Crawford sees this, and it’s why she wants to repay her debt to Kreizler, making this a business transaction without having him as her patron, which would give her a feeling of duty to him. Also, his paying for her schooling gives her the tools to be freed from him. He’s actually done better by Crawford than he has by her uncle.
Kreizler, no dummy, takes this lesson to heart, and later apologizes to Cyrus and Stevie (Matt Lintz) for putting their lives in danger. Although they say there’s no need for forgiveness, this conversation is a start in how their interactions can go forward, as Kreizler can no longer take them for granted. Change could happen.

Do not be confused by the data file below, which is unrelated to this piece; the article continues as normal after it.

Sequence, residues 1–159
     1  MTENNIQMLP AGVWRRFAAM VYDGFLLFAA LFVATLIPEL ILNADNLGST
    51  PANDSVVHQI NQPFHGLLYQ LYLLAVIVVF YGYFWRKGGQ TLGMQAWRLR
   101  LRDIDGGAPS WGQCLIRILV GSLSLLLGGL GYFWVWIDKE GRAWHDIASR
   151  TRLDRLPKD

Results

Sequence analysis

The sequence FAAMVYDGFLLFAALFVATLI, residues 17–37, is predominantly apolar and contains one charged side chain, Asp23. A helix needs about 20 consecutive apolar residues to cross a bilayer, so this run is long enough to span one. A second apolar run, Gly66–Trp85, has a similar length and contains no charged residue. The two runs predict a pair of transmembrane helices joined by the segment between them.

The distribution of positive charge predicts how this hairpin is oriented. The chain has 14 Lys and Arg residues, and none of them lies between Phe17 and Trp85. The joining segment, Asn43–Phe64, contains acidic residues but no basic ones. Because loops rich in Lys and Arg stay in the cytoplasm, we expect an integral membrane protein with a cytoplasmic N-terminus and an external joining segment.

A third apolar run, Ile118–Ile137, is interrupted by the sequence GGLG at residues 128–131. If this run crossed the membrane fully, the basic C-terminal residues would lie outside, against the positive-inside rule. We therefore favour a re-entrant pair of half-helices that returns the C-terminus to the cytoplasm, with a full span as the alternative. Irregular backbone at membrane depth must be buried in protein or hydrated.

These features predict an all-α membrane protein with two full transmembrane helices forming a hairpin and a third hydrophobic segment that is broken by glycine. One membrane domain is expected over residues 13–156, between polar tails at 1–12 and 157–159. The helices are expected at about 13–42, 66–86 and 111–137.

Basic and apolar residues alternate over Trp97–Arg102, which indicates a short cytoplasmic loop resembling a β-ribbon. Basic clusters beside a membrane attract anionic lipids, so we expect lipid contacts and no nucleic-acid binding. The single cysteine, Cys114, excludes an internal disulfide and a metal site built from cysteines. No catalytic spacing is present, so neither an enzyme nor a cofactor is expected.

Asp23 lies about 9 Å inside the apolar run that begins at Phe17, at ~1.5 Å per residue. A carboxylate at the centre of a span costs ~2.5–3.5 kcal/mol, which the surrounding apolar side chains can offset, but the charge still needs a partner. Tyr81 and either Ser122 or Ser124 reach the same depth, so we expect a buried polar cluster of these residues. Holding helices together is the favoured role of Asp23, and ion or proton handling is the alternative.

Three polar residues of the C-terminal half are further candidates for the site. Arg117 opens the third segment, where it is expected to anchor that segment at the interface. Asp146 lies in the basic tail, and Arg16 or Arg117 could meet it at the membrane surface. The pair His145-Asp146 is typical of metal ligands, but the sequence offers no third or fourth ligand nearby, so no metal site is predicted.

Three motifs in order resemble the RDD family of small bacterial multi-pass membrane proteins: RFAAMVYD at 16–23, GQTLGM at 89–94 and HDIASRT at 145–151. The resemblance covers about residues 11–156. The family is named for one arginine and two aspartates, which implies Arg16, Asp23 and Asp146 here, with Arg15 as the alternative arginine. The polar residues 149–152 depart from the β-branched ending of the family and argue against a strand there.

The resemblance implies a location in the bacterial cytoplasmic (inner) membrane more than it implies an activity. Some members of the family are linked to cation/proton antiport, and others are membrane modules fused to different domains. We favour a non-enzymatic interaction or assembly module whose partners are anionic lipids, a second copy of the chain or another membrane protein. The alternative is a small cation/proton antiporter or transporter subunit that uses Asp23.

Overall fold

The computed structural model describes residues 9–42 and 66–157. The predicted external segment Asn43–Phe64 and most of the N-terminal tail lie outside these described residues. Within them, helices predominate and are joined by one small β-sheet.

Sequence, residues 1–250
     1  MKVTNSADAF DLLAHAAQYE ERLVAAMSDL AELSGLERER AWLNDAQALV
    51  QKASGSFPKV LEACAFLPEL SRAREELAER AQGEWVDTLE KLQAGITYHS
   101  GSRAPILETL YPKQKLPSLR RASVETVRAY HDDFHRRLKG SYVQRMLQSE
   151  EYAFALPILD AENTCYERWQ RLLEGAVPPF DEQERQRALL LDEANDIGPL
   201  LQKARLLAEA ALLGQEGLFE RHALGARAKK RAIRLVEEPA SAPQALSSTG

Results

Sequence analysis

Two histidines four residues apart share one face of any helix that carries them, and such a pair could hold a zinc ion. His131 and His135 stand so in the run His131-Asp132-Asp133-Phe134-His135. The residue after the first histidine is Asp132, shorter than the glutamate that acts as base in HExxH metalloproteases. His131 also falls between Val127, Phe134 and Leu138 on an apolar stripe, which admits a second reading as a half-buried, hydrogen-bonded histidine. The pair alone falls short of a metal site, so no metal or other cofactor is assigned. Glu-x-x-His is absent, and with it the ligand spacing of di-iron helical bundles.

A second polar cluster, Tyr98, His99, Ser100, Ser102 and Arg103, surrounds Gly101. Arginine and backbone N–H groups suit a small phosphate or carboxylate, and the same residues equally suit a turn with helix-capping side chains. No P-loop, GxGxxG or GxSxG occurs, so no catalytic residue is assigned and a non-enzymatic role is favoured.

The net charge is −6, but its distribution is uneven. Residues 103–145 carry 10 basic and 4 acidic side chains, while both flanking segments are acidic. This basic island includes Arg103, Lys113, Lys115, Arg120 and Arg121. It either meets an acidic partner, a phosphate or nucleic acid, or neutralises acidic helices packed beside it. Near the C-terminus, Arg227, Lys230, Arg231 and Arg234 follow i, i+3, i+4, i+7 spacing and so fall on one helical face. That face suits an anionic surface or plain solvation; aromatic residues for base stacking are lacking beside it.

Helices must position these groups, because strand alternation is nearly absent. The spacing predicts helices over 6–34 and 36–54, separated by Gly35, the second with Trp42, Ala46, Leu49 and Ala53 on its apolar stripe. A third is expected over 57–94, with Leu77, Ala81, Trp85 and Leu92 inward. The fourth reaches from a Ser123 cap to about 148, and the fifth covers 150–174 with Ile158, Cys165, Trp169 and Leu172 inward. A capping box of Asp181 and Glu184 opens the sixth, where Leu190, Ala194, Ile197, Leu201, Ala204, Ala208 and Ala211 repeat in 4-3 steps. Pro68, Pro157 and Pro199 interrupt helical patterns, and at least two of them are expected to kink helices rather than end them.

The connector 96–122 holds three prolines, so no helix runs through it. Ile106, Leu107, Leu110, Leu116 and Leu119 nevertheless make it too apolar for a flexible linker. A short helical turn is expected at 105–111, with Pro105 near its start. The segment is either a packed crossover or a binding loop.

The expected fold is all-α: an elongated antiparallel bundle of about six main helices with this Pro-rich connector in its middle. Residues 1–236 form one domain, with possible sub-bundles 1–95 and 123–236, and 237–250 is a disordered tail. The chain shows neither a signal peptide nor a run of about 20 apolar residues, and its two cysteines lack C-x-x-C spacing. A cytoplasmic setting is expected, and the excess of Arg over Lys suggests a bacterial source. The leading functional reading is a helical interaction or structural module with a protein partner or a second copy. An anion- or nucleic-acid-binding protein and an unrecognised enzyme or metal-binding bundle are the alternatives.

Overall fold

As for his housemaid Mary (Q’orianka Kilcher), he offers to let her go and work elsewhere, which upsets her. Her difficulties with speech and her violent past would make it hard to find other work, and then there’s the complicated matter of their feelings for each other. Once Kreizler is able to remove the employer-employee barriers by asking her to eat dinner with him, is he finally able to acknowledge their mutual attraction?
Of course, beginning a romance with one’s housemaid is its own sticky situation. If he wants to continue the relationship, that will bring up issues with her employment, whether she’ll also be obligated to take care of his household but also sleep with him. Also, would he be willing to acknowledge her as his partner in public? Somehow, all of this seems like a very, very bad idea, one that he hadn’t thought through because of his privilege.
”The Alienist” airs Mondays at 9 p.m. ET on TNT.